Economic recovery continues to be stalled by the lack of job growth as the number of planned layoffs by U.S. based employers increased by 11.6% in June.
According to a new report on downsizing by research firm Challenger, Gray & Christmas, the number of layoffs rose for the second consecutive month after reaching a four month low in April. Despite the increase, the total number of layoffs announced in the second quarter was down 12% from the first quarter to 115,057 from 130,749.
“The employment picture remains a bit cloudy. Continued slowness in the pace of job cuts is certainly promising. However, hiring is coming in spurts and is not quite robust enough to make a significant dent in unemployment,” said John A. Challenger, chief executive officer of Challenger, Gray & Christmas.
The government sector has contributed the largest number of job cuts amounting to 10,176 of the layoffs announced in June and a total of 77,591 thus far in 2011. Although this is a month-over-month increase, this amount is down by 22% from the same period in 2010. The retail sector, second ranked for job cuts, is also down 12% from last year at 23.027 job reductions.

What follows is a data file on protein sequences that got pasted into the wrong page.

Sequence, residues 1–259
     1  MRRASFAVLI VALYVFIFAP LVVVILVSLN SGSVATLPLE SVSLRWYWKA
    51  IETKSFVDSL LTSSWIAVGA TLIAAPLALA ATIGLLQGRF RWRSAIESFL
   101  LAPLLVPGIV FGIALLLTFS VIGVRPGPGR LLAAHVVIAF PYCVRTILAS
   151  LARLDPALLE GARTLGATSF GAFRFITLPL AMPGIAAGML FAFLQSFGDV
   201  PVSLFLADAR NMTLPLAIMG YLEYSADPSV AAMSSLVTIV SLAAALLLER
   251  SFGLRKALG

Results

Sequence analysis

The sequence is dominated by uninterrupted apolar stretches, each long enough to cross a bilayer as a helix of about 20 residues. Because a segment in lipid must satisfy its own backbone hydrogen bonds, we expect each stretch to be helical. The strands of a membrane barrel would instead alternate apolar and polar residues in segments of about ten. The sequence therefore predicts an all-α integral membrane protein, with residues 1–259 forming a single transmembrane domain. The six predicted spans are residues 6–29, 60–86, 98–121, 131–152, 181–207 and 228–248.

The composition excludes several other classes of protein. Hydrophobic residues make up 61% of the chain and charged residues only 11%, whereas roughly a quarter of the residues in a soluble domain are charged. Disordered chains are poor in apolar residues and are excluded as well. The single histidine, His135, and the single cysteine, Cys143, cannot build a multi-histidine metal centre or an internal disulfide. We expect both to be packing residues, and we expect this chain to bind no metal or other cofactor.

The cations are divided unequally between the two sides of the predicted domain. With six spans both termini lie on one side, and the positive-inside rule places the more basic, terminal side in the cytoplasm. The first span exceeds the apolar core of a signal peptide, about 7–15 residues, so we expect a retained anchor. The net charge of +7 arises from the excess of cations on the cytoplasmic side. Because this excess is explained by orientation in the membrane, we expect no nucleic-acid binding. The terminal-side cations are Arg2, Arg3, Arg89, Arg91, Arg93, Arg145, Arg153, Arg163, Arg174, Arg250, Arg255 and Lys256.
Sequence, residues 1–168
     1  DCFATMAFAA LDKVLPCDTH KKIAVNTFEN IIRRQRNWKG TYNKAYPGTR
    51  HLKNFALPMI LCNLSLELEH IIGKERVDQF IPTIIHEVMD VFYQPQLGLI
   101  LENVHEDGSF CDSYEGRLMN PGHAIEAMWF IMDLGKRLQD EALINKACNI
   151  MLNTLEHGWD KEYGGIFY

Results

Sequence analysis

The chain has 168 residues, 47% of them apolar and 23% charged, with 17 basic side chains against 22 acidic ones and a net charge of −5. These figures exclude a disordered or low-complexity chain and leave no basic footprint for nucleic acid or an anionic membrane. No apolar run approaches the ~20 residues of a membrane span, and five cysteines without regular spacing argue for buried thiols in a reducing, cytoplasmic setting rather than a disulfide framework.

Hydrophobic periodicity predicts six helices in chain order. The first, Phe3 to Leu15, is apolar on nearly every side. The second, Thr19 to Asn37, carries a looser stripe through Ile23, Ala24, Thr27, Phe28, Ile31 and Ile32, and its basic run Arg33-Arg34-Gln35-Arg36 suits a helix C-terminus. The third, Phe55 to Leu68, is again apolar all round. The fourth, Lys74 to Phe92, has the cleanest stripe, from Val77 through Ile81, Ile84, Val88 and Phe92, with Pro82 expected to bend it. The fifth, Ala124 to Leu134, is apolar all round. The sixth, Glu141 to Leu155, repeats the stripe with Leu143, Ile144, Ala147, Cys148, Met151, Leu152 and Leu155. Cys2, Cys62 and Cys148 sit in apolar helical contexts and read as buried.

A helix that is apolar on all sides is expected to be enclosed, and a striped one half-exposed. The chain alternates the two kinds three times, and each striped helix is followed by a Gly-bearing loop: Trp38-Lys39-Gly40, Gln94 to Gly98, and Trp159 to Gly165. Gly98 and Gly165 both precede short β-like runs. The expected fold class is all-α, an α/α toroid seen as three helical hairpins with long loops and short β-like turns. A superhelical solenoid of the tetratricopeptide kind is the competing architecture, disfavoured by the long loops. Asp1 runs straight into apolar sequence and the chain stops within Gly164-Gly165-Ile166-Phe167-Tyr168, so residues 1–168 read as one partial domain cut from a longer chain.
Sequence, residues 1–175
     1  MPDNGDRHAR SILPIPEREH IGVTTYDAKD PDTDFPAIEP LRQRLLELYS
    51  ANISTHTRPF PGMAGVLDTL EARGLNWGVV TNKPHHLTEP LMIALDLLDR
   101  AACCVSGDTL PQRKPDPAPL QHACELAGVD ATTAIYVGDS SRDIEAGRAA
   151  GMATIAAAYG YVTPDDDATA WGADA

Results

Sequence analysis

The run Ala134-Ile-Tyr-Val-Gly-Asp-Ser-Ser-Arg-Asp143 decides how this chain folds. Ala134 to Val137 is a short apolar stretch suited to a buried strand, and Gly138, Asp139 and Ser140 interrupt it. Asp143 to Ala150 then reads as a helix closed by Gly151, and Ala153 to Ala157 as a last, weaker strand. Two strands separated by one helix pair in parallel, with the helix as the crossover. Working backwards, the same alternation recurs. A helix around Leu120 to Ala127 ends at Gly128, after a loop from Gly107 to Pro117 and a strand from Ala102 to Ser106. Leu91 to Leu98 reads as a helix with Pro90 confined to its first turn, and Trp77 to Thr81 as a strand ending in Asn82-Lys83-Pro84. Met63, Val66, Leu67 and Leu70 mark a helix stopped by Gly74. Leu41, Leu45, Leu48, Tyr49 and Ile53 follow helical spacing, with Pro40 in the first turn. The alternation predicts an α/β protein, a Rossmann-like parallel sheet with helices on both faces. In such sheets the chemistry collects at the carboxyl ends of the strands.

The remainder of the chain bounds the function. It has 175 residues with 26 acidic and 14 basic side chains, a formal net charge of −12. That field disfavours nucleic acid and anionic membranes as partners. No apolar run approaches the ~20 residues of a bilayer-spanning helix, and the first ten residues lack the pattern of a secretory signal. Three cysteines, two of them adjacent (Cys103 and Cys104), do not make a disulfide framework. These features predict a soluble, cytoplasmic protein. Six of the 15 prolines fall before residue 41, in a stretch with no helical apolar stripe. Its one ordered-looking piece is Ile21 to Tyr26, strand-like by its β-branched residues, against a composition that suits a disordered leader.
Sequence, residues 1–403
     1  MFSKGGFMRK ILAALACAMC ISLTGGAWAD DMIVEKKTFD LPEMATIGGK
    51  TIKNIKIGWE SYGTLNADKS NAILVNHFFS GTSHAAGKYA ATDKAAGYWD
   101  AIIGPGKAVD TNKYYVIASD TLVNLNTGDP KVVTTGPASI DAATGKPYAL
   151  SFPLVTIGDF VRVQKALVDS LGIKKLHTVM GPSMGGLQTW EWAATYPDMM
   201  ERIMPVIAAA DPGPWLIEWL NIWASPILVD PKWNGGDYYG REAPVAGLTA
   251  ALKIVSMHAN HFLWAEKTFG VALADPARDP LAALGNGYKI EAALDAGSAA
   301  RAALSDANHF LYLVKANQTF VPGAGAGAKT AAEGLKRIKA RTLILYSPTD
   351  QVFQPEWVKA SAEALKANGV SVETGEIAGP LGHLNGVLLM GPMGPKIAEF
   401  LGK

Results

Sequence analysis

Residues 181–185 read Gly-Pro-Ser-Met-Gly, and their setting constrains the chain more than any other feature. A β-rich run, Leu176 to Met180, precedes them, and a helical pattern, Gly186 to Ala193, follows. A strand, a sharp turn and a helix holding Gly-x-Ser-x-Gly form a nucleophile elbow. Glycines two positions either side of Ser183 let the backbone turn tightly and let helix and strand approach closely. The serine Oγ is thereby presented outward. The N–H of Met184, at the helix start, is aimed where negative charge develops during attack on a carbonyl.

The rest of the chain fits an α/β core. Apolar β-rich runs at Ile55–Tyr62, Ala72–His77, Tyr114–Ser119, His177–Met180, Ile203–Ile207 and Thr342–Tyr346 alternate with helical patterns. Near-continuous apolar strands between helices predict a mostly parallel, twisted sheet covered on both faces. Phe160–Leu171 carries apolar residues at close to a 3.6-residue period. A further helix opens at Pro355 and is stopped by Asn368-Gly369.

However the remaining top 5 industries for job cuts continue to see increases in announced layoffs. Aerospace/Defense industry job reductions have increased by 241% in 2011 to 20,851. Weakness in the financial services and industrial goods sectors rounded out the top five with 18.5% and 28% increases, respectively.
Challenger notes that the increase in job cuts is a concern but are not significant enough to sound alarm bells. The larger concern is the apparent weakness in job growth through the remainder of 2011.
“As for the remainder of the year, we don’t see much indication of a second-half surge in job-cut activity. The hiring picture is a little cloudier. While the government attempts to enact policies that will spur job creation, it really comes down to consumer and business demand for products and services and, right now, that demand remains relatively weak,” said Challenger.